All In The Game: College Athletes Talk Tensions Between Sports And Academics

 

A pause in a recent UAB soccer game as a Gardner-Webb player gets medical attention. He eventually walked off the field under his own power, but UAB won the game 3-1. Photo by Dan Carsen.

A pause in a recent University of Alabama at Birmingham soccer game as a Gardner-Webb player gets medical attention. He eventually walked off the field under his own power, but UAB won the game 3-1. Photo by Dan Carsen.

Across the South, college football is in full swing. But football is just one of dozens of NCAA sports. In any season, student-athletes are pushing themselves on the field, in the gym, and in the classroom. They get scholarships and generate billions of dollars, but they also get hurt and struggle with their studies on top of what’s basically a demanding full-time job. In Part One of our series “All in the Game,” our Alabama reporter looks at tensions between sports and academics through the eyes of the athletes themselves:

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We’re up close and personal with the “other football” — a men’s soccer game at the University of Alabama at Birmingham. You can hear the ball blasting off feet, knees and heads as fit athletes fly around the field and intense coaches bark at their players and the referee.

In a place where American football dominates, it bears mentioning that about 85 percent of NCAA athletes play other sports, and that the majority playing any sport lead lives less glamorous than some fans assume.

“There’s a lot that goes into it that a lot of the people don’t see when we’re just playing,” says Angelica Jimenez, one of the best college goalies in the nation. She’s sitting in the bleachers with crutches and a cast over the ankle ligaments she tore in practice. Before tossing a little trash-talk at the visiting team, the senior describes tradeoffs.

A UAB player boots a pass past a Gardner-Webb defender September 13. Photo by Dan Carsen.

A UAB player boots a pass past a Gardner-Webb defender on September 13. Photo by Dan Carsen.

“After an all-nighter I’m deadzo, but you just gotta grind it out … you’ve just really got to stay disciplined. Sometimes there’s that ‘triangle’ where you decide, like, social life, doing well at your sport, or doing well academically. And sometimes you’ve got to pick two out of the three.”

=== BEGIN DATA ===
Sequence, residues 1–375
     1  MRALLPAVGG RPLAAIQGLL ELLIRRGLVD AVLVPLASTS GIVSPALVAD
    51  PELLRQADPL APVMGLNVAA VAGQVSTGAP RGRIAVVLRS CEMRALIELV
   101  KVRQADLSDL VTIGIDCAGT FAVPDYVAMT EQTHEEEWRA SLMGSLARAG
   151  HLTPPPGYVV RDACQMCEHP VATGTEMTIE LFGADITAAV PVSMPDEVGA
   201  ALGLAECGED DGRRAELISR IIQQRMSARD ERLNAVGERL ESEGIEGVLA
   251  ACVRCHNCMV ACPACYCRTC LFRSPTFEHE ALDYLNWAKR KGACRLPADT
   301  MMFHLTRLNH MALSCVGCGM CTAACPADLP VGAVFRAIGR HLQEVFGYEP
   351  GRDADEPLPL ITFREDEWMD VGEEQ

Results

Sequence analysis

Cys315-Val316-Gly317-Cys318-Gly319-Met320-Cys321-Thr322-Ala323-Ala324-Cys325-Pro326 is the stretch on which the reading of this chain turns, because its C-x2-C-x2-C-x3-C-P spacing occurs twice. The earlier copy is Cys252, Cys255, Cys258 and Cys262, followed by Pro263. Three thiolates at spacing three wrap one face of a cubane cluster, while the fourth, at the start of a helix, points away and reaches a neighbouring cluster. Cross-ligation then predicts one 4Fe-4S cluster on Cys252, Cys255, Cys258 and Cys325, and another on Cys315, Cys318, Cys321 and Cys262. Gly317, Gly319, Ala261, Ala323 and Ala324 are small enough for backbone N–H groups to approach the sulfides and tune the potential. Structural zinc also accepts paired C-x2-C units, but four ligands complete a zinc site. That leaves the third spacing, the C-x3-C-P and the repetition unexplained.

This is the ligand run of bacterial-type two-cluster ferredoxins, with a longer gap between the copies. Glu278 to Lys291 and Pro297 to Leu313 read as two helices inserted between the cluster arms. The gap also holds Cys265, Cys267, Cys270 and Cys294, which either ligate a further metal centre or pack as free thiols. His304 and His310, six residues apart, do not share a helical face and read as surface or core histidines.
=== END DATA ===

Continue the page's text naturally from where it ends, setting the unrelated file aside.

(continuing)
UAB baseball player Holt Davis knows all about it. He was a top student in high school, but his first-semester GPA was a parent-disappointing 2.35:

“I don’t think I was quite mentally prepared for it,” he says. “We get up four days a week at 5 a.m. to go lift. And we’re going straight through the day, a lot of us until our night class ends at 7:30. You’re kind of mentally starting to check out during that last class.”

And those demands certainly don’t decrease in big-time programs. Kim Durand, immediate past president of the National Association of Academic Advisors for Athletics, or N4A, points to a tug-of-war between sports revenue and athlete welfare.

“We’re a multi-million-dollar business that’s smack-dab in the middle of institutions of higher education,” she says. “And those cultures or those demands come into conflict with each other. A lot of times the decisions made don’t take into account the real life of the student-athlete.”

TV contracts that have players flying around the country mid-week, missing classes, and getting home late are one example. But athletes including Davis and Jimenez say caring coaches and academic support can help. On that sports/grades/social life “triangle” Jimenez mentioned, she says she’s managed to keep her grades and athletic performance up, and, “for the most part I’ve gotten like two-and-a-half, so I’ll take it.”

Davis, academically a senior but athletically a red-shirt sophomore first-baseman, remembers. “For me, that was tough my freshman year. My GPA I think reflected that my first semester, and thank goodness I made an adjustment in the spring.” He laughs and adds, “I think my parents appreciated that too.”

Now his GPA typically hovers around 4.0. He credits advisors making him a comprehensive study schedule that included tutoring and taught him he could actually get a lot of work done in a 15-minute time block. That kind of support is one reason athletes’ graduation rates tend to be slightly higher than student-body averages.

Holt Davis, left, and Justin Mackey in Mackey's UAB office. Photo by Dan Carsen.

Holt Davis, left, and Justin Mackey in Mackey’s UAB office. Photo by Dan Carsen.

At UAB, Assistant Athletic Director Justin Mackey helps make those stats and stories possible. His job is basically to help athletes develop off the field, academically and personally.

“It’s always important to me to see them earn a collegiate degree,” he says. “Also, just the well-rounded human being part of it: when I look at the things we get to go do in the community, with Children’s of Alabama, and Ronald McDonald House, the local elementaries, that’s really the part that continues to drive me.”

Back at the soccer game, loudspeakers blare T-shirt offers and upbeat music. It’d be easy to forget that behind all the excitement, the long, fatiguing hours and juggling acts continue. But just a short walk from the game, over by the batting cages, you’re reminded as balls clink, over and over, off the bat of a lone athlete on a Sunday evening as the sun goes down.

 

The Southern Education Desk series “All In The Game” is supported by a grant from the Corporation for Public Broadcasting. Tomorrow we’ll take a look at the pros and cons of new high-school academic standards for would-be Division One athletes.

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